Non-Profits Buying Foreclosures At A Discount

Many non-profit groups are buying foreclosures at a discount before they go on the market for speculators.

Redevelopment agencies are working with non-profits to try to revitalize neighborhoods affected by a rash of foreclosures, but their efforts are tiny compared to the millions of foreclosed homes headed for the open market in 2011.

The AP says:

Under an expanded agreement announced in September between the federal government and banks that provide about 75 percent of all U.S. mortgages, as many as 100,000 more repossessed homes will join those already being pumped into the nonprofit and redevelopment agency pipeline.

That deal started in 2008 as a pilot program to provide foreclosed homes to cities and nonprofits that could renovate them for low- and moderate-income families. About $7 billion in federal funds has been allocated to the program.

But the discount program will only handle a small percentage of the foreclosures expected in the coming years. Banks seized more than 980,000 homes nationwide through the first 11 months of 2010 and will likely take back a million more next year, according to foreclosure listing firm RealtyTrac Inc.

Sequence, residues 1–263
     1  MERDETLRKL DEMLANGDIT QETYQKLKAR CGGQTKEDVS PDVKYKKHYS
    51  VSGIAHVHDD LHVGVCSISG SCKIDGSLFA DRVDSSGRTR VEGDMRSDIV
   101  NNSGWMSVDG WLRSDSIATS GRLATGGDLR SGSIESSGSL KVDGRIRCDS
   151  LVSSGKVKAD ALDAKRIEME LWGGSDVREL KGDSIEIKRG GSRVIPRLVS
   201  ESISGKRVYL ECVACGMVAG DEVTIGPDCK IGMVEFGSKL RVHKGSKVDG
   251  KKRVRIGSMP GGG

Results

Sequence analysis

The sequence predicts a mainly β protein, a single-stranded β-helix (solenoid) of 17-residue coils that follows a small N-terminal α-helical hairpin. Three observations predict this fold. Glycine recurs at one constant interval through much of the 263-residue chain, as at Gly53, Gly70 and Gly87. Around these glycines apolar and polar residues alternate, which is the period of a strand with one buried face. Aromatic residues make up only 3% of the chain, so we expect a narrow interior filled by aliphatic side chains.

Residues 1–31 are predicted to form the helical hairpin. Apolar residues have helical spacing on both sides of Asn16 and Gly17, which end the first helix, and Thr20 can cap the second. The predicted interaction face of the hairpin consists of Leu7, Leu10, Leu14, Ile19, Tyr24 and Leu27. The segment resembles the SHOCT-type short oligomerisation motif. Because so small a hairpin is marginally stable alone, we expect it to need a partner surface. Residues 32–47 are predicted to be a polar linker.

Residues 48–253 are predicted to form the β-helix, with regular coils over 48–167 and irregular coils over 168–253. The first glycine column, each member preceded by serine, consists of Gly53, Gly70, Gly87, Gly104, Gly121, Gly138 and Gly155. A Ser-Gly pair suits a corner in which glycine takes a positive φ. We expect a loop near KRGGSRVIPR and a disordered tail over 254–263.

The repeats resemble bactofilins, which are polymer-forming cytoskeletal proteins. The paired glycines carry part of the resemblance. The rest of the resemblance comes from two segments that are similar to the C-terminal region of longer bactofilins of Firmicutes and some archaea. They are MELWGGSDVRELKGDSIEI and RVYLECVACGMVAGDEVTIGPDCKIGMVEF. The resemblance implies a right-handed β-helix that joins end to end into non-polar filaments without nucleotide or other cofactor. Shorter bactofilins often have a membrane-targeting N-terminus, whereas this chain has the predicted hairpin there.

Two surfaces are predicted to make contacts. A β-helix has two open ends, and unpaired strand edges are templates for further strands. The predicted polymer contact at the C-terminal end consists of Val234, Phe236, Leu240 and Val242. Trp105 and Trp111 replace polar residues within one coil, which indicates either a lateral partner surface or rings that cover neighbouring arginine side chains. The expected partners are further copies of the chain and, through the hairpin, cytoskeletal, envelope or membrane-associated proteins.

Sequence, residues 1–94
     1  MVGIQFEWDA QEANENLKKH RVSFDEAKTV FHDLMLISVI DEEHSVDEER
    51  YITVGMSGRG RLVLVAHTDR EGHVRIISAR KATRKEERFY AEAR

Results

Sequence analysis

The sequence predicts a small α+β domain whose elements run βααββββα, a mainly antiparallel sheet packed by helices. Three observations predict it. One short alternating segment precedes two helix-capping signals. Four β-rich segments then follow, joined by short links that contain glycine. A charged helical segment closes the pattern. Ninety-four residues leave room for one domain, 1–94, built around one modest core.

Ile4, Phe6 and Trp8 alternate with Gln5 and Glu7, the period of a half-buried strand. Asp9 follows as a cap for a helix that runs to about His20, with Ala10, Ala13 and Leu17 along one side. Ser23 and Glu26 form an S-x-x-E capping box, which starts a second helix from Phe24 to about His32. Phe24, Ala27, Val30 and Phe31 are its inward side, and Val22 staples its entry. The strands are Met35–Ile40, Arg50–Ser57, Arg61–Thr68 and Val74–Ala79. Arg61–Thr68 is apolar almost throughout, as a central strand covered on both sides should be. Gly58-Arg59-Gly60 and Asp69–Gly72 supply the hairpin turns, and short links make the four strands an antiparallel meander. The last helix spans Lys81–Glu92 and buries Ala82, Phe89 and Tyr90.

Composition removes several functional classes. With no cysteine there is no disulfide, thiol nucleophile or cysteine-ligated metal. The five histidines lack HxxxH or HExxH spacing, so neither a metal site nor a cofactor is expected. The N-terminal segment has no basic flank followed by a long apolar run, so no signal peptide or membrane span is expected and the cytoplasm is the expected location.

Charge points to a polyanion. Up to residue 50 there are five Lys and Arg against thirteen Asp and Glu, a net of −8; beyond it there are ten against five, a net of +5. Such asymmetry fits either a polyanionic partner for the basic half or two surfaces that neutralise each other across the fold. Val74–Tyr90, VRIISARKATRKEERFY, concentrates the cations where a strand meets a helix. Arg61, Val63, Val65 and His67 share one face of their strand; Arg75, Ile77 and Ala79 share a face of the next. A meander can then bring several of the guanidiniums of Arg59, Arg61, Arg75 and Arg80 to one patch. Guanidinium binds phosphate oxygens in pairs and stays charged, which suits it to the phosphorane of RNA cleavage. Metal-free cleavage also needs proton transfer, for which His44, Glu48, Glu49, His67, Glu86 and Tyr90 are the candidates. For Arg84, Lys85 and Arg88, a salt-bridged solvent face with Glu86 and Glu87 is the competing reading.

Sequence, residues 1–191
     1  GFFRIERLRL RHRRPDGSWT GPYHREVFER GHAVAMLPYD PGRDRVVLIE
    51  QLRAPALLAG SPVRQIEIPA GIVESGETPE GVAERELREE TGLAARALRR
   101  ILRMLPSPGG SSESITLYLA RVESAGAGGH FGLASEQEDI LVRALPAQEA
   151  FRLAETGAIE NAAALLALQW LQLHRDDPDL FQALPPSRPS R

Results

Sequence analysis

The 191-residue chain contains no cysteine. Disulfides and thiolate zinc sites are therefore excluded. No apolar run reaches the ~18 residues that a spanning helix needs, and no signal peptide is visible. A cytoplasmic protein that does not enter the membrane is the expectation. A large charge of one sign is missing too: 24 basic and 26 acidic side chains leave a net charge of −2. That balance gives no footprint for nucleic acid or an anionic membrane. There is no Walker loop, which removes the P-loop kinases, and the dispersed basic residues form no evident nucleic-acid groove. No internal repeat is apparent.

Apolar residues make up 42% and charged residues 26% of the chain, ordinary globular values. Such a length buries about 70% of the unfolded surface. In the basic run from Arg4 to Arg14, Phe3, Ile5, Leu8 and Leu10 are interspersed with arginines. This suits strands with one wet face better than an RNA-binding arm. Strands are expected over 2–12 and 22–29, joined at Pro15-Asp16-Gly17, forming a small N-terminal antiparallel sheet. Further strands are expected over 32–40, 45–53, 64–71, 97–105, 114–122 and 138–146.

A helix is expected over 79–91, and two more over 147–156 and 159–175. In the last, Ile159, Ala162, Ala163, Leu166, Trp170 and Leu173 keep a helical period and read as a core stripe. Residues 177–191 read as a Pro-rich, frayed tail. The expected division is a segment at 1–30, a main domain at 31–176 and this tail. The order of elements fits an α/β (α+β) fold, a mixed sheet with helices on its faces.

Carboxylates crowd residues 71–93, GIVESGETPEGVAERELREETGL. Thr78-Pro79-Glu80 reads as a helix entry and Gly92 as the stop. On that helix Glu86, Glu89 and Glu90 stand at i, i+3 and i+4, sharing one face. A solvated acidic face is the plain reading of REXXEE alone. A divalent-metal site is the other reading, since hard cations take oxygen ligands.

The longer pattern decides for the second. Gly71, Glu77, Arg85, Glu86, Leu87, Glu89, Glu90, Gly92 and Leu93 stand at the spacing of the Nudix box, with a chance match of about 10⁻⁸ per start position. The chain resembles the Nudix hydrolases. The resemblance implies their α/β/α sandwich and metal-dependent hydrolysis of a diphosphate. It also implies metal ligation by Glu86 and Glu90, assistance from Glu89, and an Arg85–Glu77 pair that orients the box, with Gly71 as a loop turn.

About Luke Ford

Raised a Seventh-Day Adventist at Avondale College in Australia, Luke Ford moved to California in 1977. He graduated from Placer High School in 1984, reported the news at KAHI/KHYL radio for three years, attended Sierra College and UCLA, was largely bedridden by Chronic Fatigue Syndrome for six years, and converted to Judaism in 1993. From 1997-2007, Luke made his living from blogging. Living by Beverly Hills (Alexander90210.com), he now teaches the Alexander Technique (moving the way the body likes to move). Lessons cost $100 each and last about 45 minutes. In 2011, Luke completed a three-year teaching course at the Alexander Training Institute of Los Angeles. His personal Alexander Technique website is Alexander90210.com. Luke is the author of five books, including: » The Producers: Profiles in Frustration » Yesterday’s News Tomorrow: Inside American Jewish Journalism
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